PR Legend: Michael L. Herman*


This post is part of The Plank Center’s Legacies from Legends in PR Series that was begun in recognition of the 40th Anniversary of the Public Relations Student Society of America in 2007.Mike Herman

CEO of Communications Sciences (CSI); internationally recognized speaker and author of more than 50 publications. Served as CEO of The Herman Group, Inc., Epley Associates Public Relations; former Chairman of The Catevo Group, Inc.; former CEO of Catevo Middle East; chair of PRSA’s Collee of Fellows; former chair of PRSA’s Counselors Academy. Served as adjunct professor of communication at North Carolina State University and is an adjunct professor of communication and change management at Illinois State University. 

When I began my career in public relations, life was simpler.  We considered ourselves “communicators” and we worked through three media: newspapers, television and radio. And we mostly communicated with people in the United States.

There were three television networks, two news wire services and hundreds of daily newspapers.   To reach them you used the wire services, mailed press releases or held press conferences.  You interacted with your media friends on a face-to-face basis. You knew most of them personally, and they knew you.

That is not the world of today’s graduates.

The media landscape now is as varied as the technology that drives it.  The profession itself has grown and become more sophisticated. It is now a blend of social, business and hard sciences.  To succeed requires proficiencies in world history, geography, philosophy, psychology, sociology, statistics and scientific research and maybe even comparative religions.

It also requires us to be knowledgeable about those who have come before in the profession; their successes, their mistakes, their beliefs and their vision.  Most importantly, it requires a working knowledge of the way businesses, organizations, cultures and individuals think, make decisions and adapt to or control the environments and changes that face them.

I believe that to survive as a profession, we must become more than “communicators” of messages for our organizations, delivery mechanisms and press relations or brand publicity mavens.  We must, in fact, become “change managers!”  We must be recognized as the individuals within the organization that recognize, identify, prioritize and help navigate the constant changes, internal and external, that every organization faces from its inception.

Consolidation of companies and globalization of industries now requires us to acquire and hone global sensitivity.  We must be multi-functional, multi-lingual and multicultural or at least culturally sensitive, because our brothers and sisters in the profession around the world definitely already are.

Public relations consultants and practitioners tasked with counseling and communicating in a global marketplace are expected to have, at the very least, a working knowledge and capability to understand and explain the marketplace. In addition they must be able to recognize and manage the cultural and societal pressures that often lead to international incidents and misunderstandings, as well as those that provide roadblocks to understanding.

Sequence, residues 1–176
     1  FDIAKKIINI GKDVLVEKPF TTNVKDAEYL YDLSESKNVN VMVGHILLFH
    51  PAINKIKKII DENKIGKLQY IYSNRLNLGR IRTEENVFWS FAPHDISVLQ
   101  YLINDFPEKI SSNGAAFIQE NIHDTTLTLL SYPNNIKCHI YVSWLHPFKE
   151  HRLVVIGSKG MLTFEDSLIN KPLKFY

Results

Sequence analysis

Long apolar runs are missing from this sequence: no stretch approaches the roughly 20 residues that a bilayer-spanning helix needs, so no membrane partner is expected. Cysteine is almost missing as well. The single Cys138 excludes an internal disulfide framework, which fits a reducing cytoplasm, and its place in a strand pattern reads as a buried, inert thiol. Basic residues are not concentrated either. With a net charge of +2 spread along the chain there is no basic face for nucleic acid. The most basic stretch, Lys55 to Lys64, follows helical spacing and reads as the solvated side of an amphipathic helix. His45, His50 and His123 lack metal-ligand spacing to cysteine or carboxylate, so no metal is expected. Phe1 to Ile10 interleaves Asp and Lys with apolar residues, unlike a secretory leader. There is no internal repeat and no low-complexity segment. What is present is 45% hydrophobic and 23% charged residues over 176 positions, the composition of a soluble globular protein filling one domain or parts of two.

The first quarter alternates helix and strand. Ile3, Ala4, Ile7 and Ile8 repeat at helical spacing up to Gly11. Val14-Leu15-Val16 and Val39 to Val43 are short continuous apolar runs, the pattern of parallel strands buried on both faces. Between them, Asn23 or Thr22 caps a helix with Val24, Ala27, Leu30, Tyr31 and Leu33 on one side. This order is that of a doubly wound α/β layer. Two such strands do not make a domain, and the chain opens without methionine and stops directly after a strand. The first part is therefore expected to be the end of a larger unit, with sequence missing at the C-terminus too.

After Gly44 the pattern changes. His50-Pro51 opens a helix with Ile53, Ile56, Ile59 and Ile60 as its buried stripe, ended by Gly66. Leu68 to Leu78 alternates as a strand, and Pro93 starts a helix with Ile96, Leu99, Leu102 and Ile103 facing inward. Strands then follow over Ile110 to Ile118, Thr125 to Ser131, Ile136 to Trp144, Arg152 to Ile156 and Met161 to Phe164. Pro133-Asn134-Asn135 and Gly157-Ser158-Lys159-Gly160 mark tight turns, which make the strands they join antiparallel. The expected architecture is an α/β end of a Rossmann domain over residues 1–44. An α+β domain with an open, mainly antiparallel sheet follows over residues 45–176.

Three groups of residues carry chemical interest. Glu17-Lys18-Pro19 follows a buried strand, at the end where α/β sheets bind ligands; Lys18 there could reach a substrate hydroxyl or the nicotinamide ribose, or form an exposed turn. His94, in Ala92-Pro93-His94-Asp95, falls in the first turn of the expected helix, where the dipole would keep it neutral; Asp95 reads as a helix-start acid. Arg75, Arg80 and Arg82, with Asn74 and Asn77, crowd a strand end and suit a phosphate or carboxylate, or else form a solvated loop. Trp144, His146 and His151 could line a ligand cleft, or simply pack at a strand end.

The problem isn’t simply one of communication and understanding. It is more than saying it right and/or even having “right” on your side.  It’s about having the courage to constantly take an introspective look at ourselves and our profession. It’s about having the fortitude, when times and circumstances demand, to change the basic design of who and what we are, as well as how and why we do the things we do.

What does this mean to emerging professionals?  It means that to succeed you must:

  • Take the personal responsibility to educate yourself and broaden your knowledge base beyond communication and public relations courses and, more importantly, beyond your personal, geographic and cultural boundaries.
  • Develop the ability to be a strategic long-term thinker and not just a tactician and message deliverer. You must be a battle planner and strategist, not a spear carrier and message deliverer.
  • Be on the forefront of predicting, utilizing and integrating technology to its fullest, without letting it control you at the expense of thinking, planning and the face-to face human factors upon which your success and the long-term success of the profession depends.
  • Become a leader who is confident in your abilities, knowledgeable in your profession, respectful of those around you and unafraid to listen, learn and lead by example.

This is one of the most exciting and meaningful times in history to be in our profession. The leaders who have come before, built a solid foundation. Learn from them; build on their contributions! For it is you, “generation next,” who must become leaders for those who follow after. It is a huge responsibility. But it is one that, I am confident; certain special individuals among you will embrace and own. Oh, how I envy the things you will see and create!

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Published: 2009

* Deceased (1948-2015)